After the stories of apparitions, shaking chests, levitating beds, and spooky footsteps appeared in "The Wedge", the editor of another newspaper called and asked me to do a story of hauntings in that neighborhood. After that, my story-collecting quickly snowballed. I became the local go-to person for ghost stories, either to tell or be told to. I've heard hundreds of stories from Minnesota and Pennsylvania, from all around the U.S., from Europe, even from Tibet.
|One of my favorite pasttimes: telling ghost stories in the parlor of a Victorian house.|
Much has changed about public attitudes since I started collecting stories. Twenty years ago tellers usually asked for anonymity for fear that people would scoff at them or think they were nuts. Today that fear has been overshadowed by an even scarier prospect: Paranormal investigators turning up on their doorsteps with gadgets and cameras, pleading to enter.
Forgive me, true believers, but I am skeptical about stories that have been told so often they wind up on numerous websites and sometimes on TV. For example, consider those about the Carnegie Library of Homestead. Some sites about the alleged hauntings warn you about entering the spooky library and music hall. You might see a steelworker in a hardhat or (horrors!) Andy Carnegie himself stalking the stacks. Hmm.
|Abandon hope, all ye who enter the Homestead library without a valid library card.|
|My daughter Ceridwen captured this scary blue-shirted apparition going up the staircase in the west wing of the library building.|
|The ghost of William Jennings Bryan reenacts his "Cross of Gold" speech that he delivered in the library music hall over a century ago. Oh, wait. That's me reenacting my part in the Franklin School 6th grade musical performed on that stage.|
|Ed Busch as the Giant trying to swat Jack in a rehearsal of "Jack and the Beanstalk", Woodlawn auditorium, 1940s?. (Photo by Erwin Koval)|
As a child, I witnessed the climatic event in the haunting and didn't even know it. This is what happened: It was a winter evening in the early 1950s. I was sitting in the middle of the empty auditorium watching the dress rehearsal for "The Skull," a 1937 murder-mystery drama that Dad had produced several times before. The actors were reaching the conclusion of the play, where on the darkened stage, the actor playing the Skull appears in a skeleton costume glowing in the ultraviolet lights and is shot at by the detective who has pursued him. The Skull leaped out, but before the other actor could fire the revolver (with blanks, of course) a thunderous boom reverberated throughout the auditorium. All action stopped. Dad jumped out of his place in the auditorium, and the stage hands turned on the lights. Everyone was momentarily stunned into silence, followed by excited speculation about what caused the explosive sound. There was no reasonable explanation. After ten minutes or so, action resumed and the rehearsal finished without incident.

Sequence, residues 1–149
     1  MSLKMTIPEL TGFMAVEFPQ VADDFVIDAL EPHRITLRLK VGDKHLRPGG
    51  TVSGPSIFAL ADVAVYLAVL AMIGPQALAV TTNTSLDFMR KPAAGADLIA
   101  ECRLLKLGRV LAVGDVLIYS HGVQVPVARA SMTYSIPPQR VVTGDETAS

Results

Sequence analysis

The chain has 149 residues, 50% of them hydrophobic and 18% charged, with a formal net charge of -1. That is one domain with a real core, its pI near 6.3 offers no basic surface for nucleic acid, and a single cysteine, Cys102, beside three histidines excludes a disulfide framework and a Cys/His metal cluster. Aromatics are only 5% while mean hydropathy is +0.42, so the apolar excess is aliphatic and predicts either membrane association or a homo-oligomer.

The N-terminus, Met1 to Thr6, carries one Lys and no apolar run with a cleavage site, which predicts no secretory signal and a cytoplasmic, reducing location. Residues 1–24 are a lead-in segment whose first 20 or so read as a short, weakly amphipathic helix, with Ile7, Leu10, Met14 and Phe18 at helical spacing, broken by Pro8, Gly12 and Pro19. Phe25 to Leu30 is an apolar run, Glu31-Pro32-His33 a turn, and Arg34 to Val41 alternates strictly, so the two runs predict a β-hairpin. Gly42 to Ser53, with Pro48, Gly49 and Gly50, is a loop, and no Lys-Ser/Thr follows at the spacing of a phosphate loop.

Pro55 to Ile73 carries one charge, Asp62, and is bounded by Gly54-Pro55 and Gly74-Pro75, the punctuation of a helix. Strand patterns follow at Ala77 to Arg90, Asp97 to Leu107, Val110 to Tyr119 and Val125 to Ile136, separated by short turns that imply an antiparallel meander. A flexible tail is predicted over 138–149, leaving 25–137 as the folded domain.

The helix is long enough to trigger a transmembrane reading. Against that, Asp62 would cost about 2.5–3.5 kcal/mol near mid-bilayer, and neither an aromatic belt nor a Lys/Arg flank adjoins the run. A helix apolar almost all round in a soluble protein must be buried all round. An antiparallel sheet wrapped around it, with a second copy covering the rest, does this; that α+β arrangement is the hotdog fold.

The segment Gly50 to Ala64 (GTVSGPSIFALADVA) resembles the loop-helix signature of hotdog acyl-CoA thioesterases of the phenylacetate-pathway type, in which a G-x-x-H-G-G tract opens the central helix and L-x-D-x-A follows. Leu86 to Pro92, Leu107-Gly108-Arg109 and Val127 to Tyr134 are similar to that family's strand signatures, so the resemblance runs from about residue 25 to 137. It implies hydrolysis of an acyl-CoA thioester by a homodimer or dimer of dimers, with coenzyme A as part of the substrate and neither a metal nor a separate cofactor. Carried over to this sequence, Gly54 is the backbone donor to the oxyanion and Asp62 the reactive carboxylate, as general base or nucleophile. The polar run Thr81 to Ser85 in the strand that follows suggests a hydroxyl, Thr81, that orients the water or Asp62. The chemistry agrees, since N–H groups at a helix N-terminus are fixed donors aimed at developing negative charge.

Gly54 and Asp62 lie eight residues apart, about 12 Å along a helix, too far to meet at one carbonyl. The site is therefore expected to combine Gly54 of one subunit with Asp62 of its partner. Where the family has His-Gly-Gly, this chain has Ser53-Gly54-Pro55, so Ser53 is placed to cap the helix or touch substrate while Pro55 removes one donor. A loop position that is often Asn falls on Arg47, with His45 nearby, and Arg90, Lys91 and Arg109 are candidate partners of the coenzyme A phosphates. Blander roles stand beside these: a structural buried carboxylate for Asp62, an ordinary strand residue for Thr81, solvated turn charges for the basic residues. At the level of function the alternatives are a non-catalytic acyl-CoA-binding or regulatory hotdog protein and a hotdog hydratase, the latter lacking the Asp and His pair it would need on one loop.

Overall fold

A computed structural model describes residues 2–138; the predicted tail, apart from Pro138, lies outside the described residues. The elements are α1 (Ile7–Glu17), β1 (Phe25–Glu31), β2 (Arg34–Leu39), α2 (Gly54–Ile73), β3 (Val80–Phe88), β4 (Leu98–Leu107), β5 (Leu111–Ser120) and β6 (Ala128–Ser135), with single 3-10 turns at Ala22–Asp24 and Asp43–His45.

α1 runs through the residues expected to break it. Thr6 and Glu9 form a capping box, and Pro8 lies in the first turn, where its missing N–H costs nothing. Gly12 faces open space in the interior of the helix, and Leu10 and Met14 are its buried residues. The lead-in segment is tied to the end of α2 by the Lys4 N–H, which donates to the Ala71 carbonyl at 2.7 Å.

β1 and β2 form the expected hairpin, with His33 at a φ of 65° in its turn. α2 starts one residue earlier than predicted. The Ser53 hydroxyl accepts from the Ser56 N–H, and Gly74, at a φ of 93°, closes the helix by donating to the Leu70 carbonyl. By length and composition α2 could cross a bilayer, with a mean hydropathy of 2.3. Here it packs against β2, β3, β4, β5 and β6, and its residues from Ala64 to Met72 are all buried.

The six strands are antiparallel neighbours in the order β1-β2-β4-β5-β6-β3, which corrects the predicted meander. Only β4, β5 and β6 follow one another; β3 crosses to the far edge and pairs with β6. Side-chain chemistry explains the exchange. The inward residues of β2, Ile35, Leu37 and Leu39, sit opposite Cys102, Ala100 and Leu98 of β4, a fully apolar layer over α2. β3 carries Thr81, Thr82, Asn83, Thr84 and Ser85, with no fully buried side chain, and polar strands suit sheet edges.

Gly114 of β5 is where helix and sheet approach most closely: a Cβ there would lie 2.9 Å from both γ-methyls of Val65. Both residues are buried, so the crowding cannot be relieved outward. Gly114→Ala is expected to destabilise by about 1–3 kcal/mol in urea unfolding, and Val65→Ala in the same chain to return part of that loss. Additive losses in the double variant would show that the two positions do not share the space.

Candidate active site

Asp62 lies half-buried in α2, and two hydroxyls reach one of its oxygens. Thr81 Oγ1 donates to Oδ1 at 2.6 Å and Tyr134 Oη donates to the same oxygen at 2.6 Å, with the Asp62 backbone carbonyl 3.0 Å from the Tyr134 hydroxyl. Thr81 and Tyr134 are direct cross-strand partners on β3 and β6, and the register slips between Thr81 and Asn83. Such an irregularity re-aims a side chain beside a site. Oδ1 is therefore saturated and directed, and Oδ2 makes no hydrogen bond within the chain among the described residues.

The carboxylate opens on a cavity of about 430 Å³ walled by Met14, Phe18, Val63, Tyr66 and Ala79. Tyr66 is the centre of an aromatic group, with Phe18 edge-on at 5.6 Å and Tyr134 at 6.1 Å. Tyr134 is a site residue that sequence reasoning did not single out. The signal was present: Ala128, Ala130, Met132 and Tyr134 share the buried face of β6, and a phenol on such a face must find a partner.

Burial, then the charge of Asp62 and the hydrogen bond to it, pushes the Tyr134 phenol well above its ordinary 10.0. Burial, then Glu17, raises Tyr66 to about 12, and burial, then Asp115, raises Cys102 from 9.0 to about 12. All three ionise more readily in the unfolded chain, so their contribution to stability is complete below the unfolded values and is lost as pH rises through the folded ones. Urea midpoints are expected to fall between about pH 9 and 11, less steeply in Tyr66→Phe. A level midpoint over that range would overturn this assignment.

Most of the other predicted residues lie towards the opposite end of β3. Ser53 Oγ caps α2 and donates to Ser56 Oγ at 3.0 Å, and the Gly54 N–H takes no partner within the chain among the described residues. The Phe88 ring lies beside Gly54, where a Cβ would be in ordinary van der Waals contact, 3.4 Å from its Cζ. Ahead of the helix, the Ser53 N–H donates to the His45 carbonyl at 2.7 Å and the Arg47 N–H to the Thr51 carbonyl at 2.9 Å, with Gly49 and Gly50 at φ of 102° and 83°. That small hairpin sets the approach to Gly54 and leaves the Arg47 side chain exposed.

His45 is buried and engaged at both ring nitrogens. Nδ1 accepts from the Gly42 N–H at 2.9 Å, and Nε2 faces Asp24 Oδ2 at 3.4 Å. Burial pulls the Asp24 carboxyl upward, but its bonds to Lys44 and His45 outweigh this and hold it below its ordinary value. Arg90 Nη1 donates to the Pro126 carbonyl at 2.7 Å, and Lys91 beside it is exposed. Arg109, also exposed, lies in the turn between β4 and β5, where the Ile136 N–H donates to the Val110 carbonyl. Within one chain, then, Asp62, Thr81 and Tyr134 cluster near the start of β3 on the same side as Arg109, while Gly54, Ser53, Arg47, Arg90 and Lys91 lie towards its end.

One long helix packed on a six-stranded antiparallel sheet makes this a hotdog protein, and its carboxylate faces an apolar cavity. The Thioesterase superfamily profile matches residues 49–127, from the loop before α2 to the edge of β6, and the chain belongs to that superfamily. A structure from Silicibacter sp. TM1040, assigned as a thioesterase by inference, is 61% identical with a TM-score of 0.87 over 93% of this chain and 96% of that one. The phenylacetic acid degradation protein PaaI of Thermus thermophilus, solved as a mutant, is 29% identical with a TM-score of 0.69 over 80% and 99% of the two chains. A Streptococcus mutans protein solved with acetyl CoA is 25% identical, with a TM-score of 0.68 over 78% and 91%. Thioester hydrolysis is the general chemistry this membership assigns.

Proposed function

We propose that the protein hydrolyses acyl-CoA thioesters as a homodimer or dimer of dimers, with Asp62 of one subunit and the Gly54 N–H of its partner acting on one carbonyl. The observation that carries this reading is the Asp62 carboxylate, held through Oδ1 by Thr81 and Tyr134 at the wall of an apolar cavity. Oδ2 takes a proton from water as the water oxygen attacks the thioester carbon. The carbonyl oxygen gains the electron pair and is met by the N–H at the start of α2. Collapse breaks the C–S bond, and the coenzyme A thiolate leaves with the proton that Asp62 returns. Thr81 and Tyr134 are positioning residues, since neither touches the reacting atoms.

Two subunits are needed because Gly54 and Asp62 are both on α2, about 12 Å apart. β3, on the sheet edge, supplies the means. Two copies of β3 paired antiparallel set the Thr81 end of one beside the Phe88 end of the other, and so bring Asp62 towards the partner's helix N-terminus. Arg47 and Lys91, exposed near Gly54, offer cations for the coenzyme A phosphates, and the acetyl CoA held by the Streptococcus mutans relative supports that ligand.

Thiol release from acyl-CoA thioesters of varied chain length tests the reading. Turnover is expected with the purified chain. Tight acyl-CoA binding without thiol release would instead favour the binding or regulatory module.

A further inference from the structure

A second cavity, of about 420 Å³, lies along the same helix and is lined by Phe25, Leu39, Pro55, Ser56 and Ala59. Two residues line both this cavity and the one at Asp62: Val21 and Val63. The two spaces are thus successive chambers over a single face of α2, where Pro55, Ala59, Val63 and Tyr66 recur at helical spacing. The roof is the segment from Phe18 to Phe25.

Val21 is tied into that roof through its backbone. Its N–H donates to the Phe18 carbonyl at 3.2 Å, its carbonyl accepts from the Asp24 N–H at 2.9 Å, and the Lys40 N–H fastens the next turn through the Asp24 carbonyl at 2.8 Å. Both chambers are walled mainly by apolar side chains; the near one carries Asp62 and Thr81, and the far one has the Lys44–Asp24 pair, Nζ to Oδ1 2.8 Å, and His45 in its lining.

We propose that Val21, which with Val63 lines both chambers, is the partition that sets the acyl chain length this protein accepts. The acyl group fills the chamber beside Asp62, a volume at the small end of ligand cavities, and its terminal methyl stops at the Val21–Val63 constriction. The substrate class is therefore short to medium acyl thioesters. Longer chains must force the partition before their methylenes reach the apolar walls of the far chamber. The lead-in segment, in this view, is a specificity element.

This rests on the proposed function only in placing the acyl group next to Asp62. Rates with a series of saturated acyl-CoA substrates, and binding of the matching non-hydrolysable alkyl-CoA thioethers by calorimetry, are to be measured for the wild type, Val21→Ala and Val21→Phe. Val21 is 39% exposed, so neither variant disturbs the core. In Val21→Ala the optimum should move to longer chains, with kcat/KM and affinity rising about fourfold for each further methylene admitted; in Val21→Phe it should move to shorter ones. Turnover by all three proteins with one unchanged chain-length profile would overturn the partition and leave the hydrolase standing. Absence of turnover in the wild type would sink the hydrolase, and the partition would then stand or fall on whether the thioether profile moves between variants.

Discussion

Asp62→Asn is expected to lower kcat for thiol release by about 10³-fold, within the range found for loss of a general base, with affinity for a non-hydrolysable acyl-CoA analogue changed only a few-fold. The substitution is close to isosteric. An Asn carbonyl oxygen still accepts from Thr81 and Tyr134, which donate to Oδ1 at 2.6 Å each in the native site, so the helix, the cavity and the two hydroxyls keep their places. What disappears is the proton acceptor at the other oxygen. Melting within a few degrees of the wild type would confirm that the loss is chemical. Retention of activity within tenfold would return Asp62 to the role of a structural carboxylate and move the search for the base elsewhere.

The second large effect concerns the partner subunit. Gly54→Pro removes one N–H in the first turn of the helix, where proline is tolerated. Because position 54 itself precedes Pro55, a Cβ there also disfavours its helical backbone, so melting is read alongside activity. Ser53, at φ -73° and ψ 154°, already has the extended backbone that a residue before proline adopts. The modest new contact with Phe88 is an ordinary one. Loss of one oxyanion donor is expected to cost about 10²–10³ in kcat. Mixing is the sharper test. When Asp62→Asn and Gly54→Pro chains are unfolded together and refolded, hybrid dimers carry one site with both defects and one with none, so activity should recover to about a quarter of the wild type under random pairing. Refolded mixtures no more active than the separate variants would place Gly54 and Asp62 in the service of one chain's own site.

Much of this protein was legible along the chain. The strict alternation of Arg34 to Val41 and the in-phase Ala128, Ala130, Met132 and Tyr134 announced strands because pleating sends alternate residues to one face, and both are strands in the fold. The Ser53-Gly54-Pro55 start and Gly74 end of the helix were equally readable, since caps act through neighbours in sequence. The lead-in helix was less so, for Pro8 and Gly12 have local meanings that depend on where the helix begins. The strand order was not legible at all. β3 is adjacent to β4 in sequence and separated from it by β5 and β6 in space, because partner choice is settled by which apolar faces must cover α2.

|Woodlawn auditorium shortly before demolition.|
Dad didn't tell me the whole story and the background to it until I began collecting stories many years later. He said that the doors to the left of the stage as one faced it would occasionally swing open and shut. Dad didn't pay it much attention at first, but one time when they opened and shut as he was approaching them from backstage, he did. Some students noticed it, too, and did some experimenting with opening outside doors and other doors to the auditorium to see if that would affect the movement of those particular doors. It didn't.
What Dad didn't tell the students is that he thought he knew the cause of the presumed haunting. At the turn of the century, a man had been hanged from a tree on the knoll where the auditorium was built. When the mysterious explosion occurred, Dad didn't mention this to anybody, partly because he didn't want to scare them, and partly because he didn't want them to think he was daft.
|Woodlawn in happier (and smokier) days--from the 1939 Munhall yearbook.|
I wonder if the site is still haunted. The school sat vacant for a couple of decades before it was wrecked several years ago. If I lived in the area, I'd go over on Halloween and check it out. Maybe some of you would like to take on that task.
But, a final word: In my experience as a collector of ghostlore I've found that a) ghosts don't perform on cue, b) ghostly activity is usually sporadic, with long periods between events, and c) the activity frequently fades, then disappears over time. Also, it's very easy to fake paranormal phenomena on digital video and images.
|OMG! This image was captured at a ghost-storytelling. Get out the EMF meter! (Photo by Richard Mueller, Software Engineer/Web Designer)|
|In an ironic twist, this is a photo of the foyer in an 1898 mansion that was wrecked in 1935. The ghost, my granddaughter, has been Photoshopped in at right. (Image by Richard Mueller)|
I've nothing against the popular and numerous paranormal shows on TV and the investigators searching for ghostly evidence. But my personal preference is to do as folks have done for centuries---sit around a candle in the dark and listen to--or tell--tales of specters, spooks, and spirits.
|". . .suddenly there came a tapping,|
As of some one gently rapping, rapping at my chamber door."